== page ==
4. Cloud songs  Select a familiar tune and make up words. Extend this activity by using cloud stick puppets to act out the actions of the cloud song. Here is an example based on Mary Has a Little Lamb.

I have a little cloud, little cloud, little cloud. I have a little cloud  ___________________ [Have children complete the words i.e. floating to and fro or dancing up and down, and it’s white and cold, etc.

5. Cloud Flip Mural Read Eric Carle’s Little Cloud. Go outside and see if you can see different things in the clouds. The Little CloudDiscuss how clouds can be all kinds of shapes. Give out two sheets of paper one small and one large. These can be white or cloud colors of your choice. Have children compare the sizes. Then have them cut out a cloud shape from each. Challenge older children by having them tear out the shapes. Ask: “Is one cloud bigger?” “Why or why not?” “Could you make other sizes from the left over pieces?” Add more math by having them put their clouds in size order, and count how many clouds the class made using multiples in the upper grades. Have children take turns gluing their larger clouds to a long sheet of paper – this can be white, painted in sky colors by the children, or be a long piece of tracing paper. The translucence of tracing paper creates a glowing sky effect. Attach a string to the smaller clouds using scotch tape. Tape these to the mural.  NOW: Take the two ends and flip it over. The clouds on strings will hang down. Suspend it between two tables by taping each end to the edge. Put fluffy pillows underneath and create a place for children to curl up with a book and dream or count clouds.

6. Under a Cloud. Use a paper or tissue cloud attached to a string. It could be the one made for the mural before it is attached or a separate one created just for this activity. Have children think about how their cloud feels. Share ideas. Ask: “How would your cloud move if it were happy or sad or tired?”  Read the book The Cloud  by Hannah Cumming. Talk about why the illustrator made a cloud scribble over the girls’ head. Ask: “What other ways could her friend have helped her?”The Cloud

 

7. Cloud Stories Invent stories about clouds. A good example is The Cloud Spinner by Michael Catchpool in which a little boy spins cloth from the clouds.

Cloud Flip Mural made by participants in the NAEYC conference workshop

What other cloud activities can you think of to deepen the learning?

Sunflowers: A Science & Math Observation Lab

sunflower headScientists use their senses to observe and formulate questions.

In this lesson a first grade class observes sunflower heads.

WOW [Wonderful Object of Wonder]: 5 large sunflower heads and 1 sunflower still on its stem.

Objectives:  Children will name their senses and then use them to make observations and create questions (Linguistic, physical, cognitive, and creative development). Children will estimate the number of seeds in a flower head and then count them. They will estimate the height of the sunflower plant and measure it (Common Core: CCSS.Math.Content.1.NBT.A.1; CCSS.Math.Content.1.MD.A.2)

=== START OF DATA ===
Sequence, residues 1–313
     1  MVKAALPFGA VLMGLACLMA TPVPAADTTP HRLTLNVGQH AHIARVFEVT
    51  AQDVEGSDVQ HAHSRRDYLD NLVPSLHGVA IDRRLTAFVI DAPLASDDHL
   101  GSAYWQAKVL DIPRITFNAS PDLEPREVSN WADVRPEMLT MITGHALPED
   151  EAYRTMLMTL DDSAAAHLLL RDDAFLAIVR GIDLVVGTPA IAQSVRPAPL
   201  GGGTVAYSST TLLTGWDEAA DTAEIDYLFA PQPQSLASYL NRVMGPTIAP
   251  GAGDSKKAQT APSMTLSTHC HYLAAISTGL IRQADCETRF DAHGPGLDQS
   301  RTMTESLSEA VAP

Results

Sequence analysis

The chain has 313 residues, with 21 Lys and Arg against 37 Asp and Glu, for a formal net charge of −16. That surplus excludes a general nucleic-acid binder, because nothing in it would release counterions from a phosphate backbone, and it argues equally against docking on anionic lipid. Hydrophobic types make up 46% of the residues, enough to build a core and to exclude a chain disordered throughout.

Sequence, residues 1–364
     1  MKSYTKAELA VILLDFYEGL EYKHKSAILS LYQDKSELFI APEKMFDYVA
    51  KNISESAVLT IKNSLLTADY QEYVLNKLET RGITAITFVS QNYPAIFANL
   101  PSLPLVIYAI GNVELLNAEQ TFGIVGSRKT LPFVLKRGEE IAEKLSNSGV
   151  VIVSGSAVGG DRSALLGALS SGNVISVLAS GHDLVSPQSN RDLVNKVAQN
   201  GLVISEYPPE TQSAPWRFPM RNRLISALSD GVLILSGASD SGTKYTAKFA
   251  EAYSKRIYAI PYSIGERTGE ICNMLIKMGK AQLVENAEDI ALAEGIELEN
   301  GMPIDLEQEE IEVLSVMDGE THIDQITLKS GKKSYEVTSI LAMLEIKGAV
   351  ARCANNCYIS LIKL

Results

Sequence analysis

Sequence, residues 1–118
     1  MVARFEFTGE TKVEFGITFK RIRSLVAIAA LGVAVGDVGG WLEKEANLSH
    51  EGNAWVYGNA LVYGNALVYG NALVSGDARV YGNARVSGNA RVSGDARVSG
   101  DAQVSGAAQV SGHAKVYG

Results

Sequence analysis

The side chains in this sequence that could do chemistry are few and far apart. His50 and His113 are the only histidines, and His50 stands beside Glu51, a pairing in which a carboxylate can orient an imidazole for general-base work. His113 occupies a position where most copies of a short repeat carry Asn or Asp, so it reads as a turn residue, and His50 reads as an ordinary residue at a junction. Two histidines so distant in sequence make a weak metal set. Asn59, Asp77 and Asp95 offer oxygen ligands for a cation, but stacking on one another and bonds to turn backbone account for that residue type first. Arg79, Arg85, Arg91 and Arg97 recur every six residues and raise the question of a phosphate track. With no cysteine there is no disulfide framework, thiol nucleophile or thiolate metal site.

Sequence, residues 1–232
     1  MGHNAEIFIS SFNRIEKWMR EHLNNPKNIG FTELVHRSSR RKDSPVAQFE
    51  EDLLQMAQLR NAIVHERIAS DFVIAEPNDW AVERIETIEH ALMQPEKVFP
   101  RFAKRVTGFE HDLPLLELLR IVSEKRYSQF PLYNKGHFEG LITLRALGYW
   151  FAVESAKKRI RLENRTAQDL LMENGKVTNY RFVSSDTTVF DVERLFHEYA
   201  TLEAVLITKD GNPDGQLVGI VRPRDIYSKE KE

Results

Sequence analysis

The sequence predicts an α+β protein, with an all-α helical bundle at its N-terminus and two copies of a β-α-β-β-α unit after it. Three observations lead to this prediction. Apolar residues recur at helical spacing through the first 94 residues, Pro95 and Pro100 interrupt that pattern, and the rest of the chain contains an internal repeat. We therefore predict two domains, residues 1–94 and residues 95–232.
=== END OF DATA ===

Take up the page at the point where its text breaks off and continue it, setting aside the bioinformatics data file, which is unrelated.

Presentation: Sit children in small groups and set a sunflower head before them. Ask the following questions and allow time for every child to share his or her ideas several times.

OBSERVATION

What can we observe about sunflowers?

…with our eyes

  • What colors do we see?
  • What shapes do we see?
  • How many do we see?

looking

“The seeds are striped.” “They’re white and black.” “And gray and brown.” “The leaves are green and brown.” “There are yellow things like cups where the seeds have fallen out.” “There are fuzzy things on the seeds.” “There’s thousands of seeds.”

…with our fingers

  • Is it wet, dry or both?
  • Is it hard, soft, smooth, bumpy or all of these?
  • Does it stay together or fall apart?

touching

“Feels hard and bumpy.” “Loose. the seeds are loose.” “The brown part on the outside falls apart.” “Ugh. This part is wet.” “I can put my finger through it.” “Feels curvy like a funny shape ball.”

…with our noses

  • Does it smell strong or not very much?
  • Does it smell like something you have smelled before?
  • Does it smell nice or yucky?

Smelling

“Smells like chocolate milk.” Like dirt.” “Tickles my nose.” “Smells fuzzy.” Smells like a rainy day.” “Smells like wet paper.” “Good. It smells good.” “I like how it smells.” “Yuck. I don’t think so.”

…with our ears

  • Without moving or touching it, does it make any noise?
  • Does it make a noise when you touch it?
  • When might it make noise?

listening

“I don’t hear anything.” “It’s quiet.”  “It’s just sitting there.””It crinkles when I touch it.” “It’s like dead.” “Sounds like paper.” “It would make noise in the wind, I think.”

ASK QUESTIONS

DSC03419Solicit questions: Next gather child-generated questions and list on board or chart paper.

  • Is it alive? (the seed)
  • How does it get so big from such a little seed?
  • How tall is it?
  • What are these little yellow and brown flower things?
  • How many seeds are there?
  • Do they blow over in the wind?
  • Can we plant them [the seeds] now?

how tallMAKE PREDICTIONS